U.S. Government Plans to Build ‘Virtually Unhackable’ Internet using quantum technology
The United States has begun to create it’s own virtually unhackable based on quantum computing technology within a decade. The U.S. Department of Energy (DOE) has said if it going to be built it would “a new era of communications” and push the U.S. to the “forefront of the global quantum race. Unquestionably, it can be the greatest invention of the 21st century.
The United States Department of Energy (DOE) officials issued a report that lays out a blueprint strategy for the development of a national quantum internet, using laws of quantum mechanics to transmit information more securely than on existing networks. The plan was announced during a July 23 press conference at the University of Chicago.
The full report from DOE, “From Long-distance Entanglement to Building a Nationwide Quantum Internet,” covers all the critical objectives from building and integrating quantum network devices through to expanding the network between cities and ultimately the state.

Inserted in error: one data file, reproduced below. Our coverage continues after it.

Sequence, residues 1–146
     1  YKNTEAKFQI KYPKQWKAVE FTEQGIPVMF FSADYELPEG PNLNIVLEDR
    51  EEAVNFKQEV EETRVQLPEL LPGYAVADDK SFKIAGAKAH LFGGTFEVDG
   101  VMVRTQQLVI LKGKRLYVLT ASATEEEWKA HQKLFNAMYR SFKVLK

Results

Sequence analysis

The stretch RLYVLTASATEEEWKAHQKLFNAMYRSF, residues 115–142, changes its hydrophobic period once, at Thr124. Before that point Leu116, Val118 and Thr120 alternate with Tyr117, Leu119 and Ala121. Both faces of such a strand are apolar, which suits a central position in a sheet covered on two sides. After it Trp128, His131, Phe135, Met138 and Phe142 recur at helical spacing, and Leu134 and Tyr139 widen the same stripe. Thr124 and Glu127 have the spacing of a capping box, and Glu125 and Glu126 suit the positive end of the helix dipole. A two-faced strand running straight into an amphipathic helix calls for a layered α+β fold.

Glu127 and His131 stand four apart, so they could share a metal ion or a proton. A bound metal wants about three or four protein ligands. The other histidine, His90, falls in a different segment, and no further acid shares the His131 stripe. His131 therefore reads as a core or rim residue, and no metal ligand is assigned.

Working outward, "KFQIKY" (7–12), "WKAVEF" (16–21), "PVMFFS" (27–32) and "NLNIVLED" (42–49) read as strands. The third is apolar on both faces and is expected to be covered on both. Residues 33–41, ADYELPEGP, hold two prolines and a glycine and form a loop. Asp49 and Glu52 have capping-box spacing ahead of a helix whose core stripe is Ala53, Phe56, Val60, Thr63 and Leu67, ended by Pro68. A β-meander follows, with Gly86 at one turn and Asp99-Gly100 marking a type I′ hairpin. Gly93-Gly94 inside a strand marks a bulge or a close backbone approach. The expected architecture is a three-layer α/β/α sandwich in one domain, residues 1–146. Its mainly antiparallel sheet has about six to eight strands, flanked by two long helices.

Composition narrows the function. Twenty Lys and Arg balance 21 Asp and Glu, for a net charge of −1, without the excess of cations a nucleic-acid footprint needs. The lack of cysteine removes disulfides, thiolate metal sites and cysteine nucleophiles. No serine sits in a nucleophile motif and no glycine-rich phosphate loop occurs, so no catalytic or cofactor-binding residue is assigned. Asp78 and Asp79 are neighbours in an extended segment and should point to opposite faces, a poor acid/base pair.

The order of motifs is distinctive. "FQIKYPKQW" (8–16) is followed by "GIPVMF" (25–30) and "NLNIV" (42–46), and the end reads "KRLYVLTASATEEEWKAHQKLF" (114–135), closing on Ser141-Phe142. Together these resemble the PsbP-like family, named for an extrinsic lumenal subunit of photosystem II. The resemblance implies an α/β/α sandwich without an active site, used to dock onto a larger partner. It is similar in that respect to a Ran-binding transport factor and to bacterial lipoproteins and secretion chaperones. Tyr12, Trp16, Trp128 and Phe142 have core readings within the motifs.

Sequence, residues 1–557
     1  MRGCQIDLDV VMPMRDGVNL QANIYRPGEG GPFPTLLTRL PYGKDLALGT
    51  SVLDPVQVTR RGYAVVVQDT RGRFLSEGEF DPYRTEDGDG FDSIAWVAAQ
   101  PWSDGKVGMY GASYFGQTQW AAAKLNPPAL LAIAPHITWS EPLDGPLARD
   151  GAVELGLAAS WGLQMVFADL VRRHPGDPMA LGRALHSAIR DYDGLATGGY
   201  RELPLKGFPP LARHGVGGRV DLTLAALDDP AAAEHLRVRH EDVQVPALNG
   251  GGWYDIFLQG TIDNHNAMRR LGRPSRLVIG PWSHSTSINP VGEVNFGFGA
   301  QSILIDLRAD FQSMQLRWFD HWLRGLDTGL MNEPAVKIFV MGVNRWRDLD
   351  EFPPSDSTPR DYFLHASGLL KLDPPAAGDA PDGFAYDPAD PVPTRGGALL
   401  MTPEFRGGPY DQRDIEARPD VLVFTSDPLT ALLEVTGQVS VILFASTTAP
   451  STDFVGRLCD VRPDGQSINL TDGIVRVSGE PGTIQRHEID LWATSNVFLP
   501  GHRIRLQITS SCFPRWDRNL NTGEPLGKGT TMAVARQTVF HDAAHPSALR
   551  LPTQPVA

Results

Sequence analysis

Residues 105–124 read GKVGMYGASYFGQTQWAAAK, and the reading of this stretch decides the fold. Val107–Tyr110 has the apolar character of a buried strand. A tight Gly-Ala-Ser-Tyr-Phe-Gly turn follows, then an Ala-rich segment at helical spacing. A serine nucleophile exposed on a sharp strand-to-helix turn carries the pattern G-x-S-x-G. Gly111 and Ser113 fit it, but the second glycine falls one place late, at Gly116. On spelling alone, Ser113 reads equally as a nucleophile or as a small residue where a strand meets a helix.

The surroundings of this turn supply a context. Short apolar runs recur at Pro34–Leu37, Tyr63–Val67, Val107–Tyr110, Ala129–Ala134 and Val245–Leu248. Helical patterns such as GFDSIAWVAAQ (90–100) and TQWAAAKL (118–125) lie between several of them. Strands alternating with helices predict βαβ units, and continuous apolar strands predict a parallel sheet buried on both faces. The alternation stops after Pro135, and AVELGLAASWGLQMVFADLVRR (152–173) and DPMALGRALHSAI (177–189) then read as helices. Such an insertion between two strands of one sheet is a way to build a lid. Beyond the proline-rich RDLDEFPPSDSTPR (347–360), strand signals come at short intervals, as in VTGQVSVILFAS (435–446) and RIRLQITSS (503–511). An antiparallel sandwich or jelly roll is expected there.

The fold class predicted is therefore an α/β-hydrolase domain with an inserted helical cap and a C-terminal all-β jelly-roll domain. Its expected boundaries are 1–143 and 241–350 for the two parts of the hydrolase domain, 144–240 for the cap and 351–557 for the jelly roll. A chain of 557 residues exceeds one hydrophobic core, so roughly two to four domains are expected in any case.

The scientists from DOE is working with universities and industry researchers on the engineering for the initiative to create a prototype within 10 years. The aim is to create a parallel, more secure network based on quantum “entanglement,” or the transmission of sub-atomic particles.
With consent with the National Quantum Initiative Act that President Trump signed in December 2018, the participants prepared the strategic ground for a national internet built around the principles of quantum mechanics.
Scientists from the DOE’s Argonne National Laboratory in Lemont, Illinois, along with those from the University of Chicago, have already created a 52-mile “quantum loop” in the Chicago suburbs. The next step will be to add the DOE Fermilab in Batavia, Illinois to establish an 80-mile testbed. A quantum internet will not be unhackable: it will likely be much harder for anyone to eavesdrop on the transmission of encrypted data using quantum key distribution (QKD).